Radiohead have confirmed performances at three music festivals this summer: Primavera in Barcelona, NOS Alive in Lisbon and Open Air St. Gallen in Switzerland. More dates are expected soon, as is their 9th studio album.
The creators of services make money – Google, YouTube. A huge amount of money, by trawling, like in the sea – they take everything there is. ‘Oh, sorry, was that yours? Now it’s ours. No, no, we’re joking – it’s still yours’. They’ve seized control of it – it’s like what the Nazis did during the second world war. Actually, it’s like what everyone was doing during the war, even the English – stealing the art of other countries. What difference is there?
“We have finished recording of the new album but we keep reevaluating the work we’ve done,” Greenwood told Russia’s Silver Radio. “We hope we’ll get it right soon, and after that we’ll start planning the next year’s tour.”
Pitchfork, via The Intercept, reports that a British intelligence agency codenamed it's massive, comprehensive program of surveillance of the public's internet usage after the Radiohead song "Karma Police." 2015 is surreal.
I have almost nothing to say on the subject of Radiohead. I barely know anything about their music, because I’ve never liked it. It’s not a value judgment on their personhood or anything — it’s just not for me. The only person in my immediate life who likes Radiohead is my dad, who also happens to be pretty much my best friend in the world. He’s super smart– he’s a journalist and a tech wizard, and he’s also a huge music nerd. He also, historically, doesn’t take shit from me, so I figured I would ask him to explain why Radiohead is good, rather than sit here and write about why I don’t like them.
It always feels when we start up like we still don’t know really how to do it, and we don't know quite what to do. 'Looking down avenues' is a very kind way of putting the kind of fumbling that we do, mainly because every time we try and do it like the last time – because that worked – it never seems to work. So we talk about different approaches and we’re currently trying a bunch out.
Thom Yorke (Radiohead) just released a new solo album called Tomorrow's Modern Boxes for sale on BitTorrent for $6. There's also a new video for the lead single "A Brain In A Bottle," available for free here. Hit the replies to read a letter Yorke penned about the release. You think this format is going to work? Do you just wish it was a Radiohead album instead?
f course, Radiohead's fanbase has since sprung into action theorizing what, if anything, Yorke is trying to convey with the image. Because of the fact that Radiohead reportedly has just started making its new album, this probably isn't a tease that the album is being pressed quite yet. It's possible that the record could contain some new music from Yorke's second band Atoms for Peace — in the background of the image, you can see artwork in the same style of the group's 2013 release Amok.
And yet, applied to acoustic classical music, all bets are off. I don't trust microphones or speakers for that, whether it's recorded or played live. They approximate and inflate rather than distil and concentrate. And with sonically complex contemporary music such as Ligeti or Penderecki, mics and speakers make things sound harsh and discordant. The live experience is far softer, stranger and more colourful than two speakers can put across. If you haven't heard it live, you haven't really heard it – and yet 90% of judgments on classical music are made from hearing...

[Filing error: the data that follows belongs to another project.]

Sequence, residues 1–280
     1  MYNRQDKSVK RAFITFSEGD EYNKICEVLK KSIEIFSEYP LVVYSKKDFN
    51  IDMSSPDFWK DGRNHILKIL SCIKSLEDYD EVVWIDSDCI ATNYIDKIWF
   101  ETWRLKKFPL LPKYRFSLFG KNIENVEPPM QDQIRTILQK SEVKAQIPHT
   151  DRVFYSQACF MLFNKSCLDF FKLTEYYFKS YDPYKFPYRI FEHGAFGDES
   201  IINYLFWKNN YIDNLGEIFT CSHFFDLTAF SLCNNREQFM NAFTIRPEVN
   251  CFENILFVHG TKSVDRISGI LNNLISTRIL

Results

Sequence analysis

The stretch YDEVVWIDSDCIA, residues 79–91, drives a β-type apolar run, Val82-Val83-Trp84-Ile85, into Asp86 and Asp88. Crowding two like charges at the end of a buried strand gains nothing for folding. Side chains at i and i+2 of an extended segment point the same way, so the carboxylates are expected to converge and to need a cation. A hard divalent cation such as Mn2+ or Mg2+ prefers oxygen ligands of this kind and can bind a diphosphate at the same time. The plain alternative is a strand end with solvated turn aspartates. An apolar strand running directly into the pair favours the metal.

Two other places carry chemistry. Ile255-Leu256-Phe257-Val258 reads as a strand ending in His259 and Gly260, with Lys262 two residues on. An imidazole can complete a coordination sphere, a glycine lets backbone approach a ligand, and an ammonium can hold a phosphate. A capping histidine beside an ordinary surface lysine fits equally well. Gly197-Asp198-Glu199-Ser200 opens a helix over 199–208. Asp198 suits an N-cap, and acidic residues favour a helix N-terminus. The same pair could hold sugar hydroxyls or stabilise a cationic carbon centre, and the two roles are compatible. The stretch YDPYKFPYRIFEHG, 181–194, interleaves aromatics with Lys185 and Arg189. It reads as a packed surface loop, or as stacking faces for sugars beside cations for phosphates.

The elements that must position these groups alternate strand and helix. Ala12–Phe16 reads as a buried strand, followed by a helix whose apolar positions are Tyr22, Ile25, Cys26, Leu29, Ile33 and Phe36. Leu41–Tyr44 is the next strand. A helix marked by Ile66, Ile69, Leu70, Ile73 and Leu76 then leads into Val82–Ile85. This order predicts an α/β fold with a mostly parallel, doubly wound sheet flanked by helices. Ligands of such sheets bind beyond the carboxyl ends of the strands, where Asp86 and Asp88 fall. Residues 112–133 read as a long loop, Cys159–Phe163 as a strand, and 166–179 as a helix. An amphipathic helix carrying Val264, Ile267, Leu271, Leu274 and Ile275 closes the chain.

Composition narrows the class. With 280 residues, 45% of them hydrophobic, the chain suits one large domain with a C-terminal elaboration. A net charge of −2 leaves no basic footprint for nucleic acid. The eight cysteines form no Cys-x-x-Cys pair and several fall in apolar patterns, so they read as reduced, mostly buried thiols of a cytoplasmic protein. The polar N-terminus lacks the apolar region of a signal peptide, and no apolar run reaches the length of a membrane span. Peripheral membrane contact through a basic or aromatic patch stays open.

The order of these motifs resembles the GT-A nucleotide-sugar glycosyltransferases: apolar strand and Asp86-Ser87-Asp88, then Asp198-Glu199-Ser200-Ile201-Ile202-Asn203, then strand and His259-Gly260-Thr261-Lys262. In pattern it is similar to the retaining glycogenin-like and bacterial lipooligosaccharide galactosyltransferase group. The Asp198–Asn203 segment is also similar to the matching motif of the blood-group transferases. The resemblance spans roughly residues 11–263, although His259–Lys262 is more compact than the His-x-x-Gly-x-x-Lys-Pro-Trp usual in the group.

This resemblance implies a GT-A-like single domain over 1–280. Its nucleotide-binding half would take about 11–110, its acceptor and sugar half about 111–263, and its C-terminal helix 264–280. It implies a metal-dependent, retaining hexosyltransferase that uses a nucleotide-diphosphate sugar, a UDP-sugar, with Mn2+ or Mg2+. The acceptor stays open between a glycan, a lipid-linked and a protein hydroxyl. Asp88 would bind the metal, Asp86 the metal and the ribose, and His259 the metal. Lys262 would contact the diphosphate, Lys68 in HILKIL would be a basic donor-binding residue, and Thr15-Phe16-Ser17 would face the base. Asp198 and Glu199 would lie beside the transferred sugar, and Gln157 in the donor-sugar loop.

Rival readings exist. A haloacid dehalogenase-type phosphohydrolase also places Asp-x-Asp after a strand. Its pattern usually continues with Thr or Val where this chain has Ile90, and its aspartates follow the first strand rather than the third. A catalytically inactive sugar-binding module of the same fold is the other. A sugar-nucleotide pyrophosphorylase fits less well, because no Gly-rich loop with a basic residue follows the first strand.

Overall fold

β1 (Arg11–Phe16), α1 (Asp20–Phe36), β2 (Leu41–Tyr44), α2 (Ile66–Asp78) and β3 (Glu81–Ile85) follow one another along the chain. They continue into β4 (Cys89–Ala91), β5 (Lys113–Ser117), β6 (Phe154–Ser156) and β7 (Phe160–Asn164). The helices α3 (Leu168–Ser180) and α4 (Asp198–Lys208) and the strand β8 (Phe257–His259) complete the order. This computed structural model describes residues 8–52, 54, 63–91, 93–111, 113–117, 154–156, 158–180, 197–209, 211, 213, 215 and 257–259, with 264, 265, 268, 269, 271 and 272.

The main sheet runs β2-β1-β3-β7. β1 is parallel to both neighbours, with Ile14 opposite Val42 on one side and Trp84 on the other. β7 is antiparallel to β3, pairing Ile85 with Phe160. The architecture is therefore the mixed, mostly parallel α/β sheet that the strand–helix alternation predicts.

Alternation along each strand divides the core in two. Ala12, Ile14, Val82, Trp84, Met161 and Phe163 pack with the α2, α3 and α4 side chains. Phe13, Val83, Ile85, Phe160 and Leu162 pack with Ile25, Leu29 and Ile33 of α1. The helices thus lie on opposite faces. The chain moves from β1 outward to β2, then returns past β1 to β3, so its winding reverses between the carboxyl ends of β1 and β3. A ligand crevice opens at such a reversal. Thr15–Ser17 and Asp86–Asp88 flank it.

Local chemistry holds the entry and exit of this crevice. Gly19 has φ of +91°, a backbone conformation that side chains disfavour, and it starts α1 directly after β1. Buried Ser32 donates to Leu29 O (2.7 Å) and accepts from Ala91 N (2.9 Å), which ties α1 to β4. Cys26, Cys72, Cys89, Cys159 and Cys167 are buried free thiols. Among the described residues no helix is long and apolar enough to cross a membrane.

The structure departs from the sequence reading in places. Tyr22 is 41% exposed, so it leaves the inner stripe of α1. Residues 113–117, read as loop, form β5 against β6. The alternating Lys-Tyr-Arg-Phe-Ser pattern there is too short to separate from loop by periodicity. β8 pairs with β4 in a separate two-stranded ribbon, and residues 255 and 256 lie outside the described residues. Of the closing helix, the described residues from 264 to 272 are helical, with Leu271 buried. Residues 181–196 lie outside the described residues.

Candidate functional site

The meal will be served at a pop up restaurant for one night only, while Kid A plays for the diners. Dubbed "A Night With Kid A," the menu (posted on a Facebook page for the event) begins with a "pan-seared diver scallop with yuzu fluid gel, fried cellophane noodle, lemongrass ponzu and chili oil" paired with opening track "Everything In Its Right Place." Moving on to the album's title track, Hanley offers a "Black Caprese," and moves through delectables including lamb chops with crispy pig ear, monkfish, duck breast and arugula salad before closing with a "mousse duo with blackberry pate de fruit" set to "Motion Picture...
In addition to their work with their respective rock bands, Bryce Dessner (The National) and Jonny Greenwood (Radiohead) both have careers as classical composers as well. On March 5th the two will release a split LP featuring their own classical compositions. Dessner's composition is called "St. Carolyn by the Sea" and Greenwood's is a suite from his soundtrack to There Will Be Blood. Check out the track listing, album art, and a trailer in the replies.
Having thought they were subverting the corporate music industry with In Rainbows, he now fears they were inadvertently playing into the hands of Apple and Google and the rest. "They have to keep commodifying things to keep the share price up, but in doing so they have made all content, including music and newspapers, worthless, in order to make their billions. And this is what we want? I still think it will be undermined in some way. It doesn’t make sense to me. Anyway, All Watched Over by Machines of Loving Grace. The commodification of human relationships through social networks. Amazing!"
The Westboro Baptist "Church" protests everyone. It's basically their shtick. Pick something popular, protest it, pretend to be outraged, get people riled up ... profit. So, the news that they're "protesting" Radiohead isn't really that surprising. Douchechilll.
Radiohead fansite AtEaseWeb has posted about two new Radiohead demos that have surfaced, reportedly recorded in their On A Friday period before Jonny Greenwood joined the band and before they renamed the group Radiohead.
Radiohead will release the previously unavailable tracks "The Daily Mail" and "Staircase" on December 19th. Both tracks were recorded as part of the "The King Of Limbs - From The Basement" session, filmed earlier this year, and can be pre-ordered now.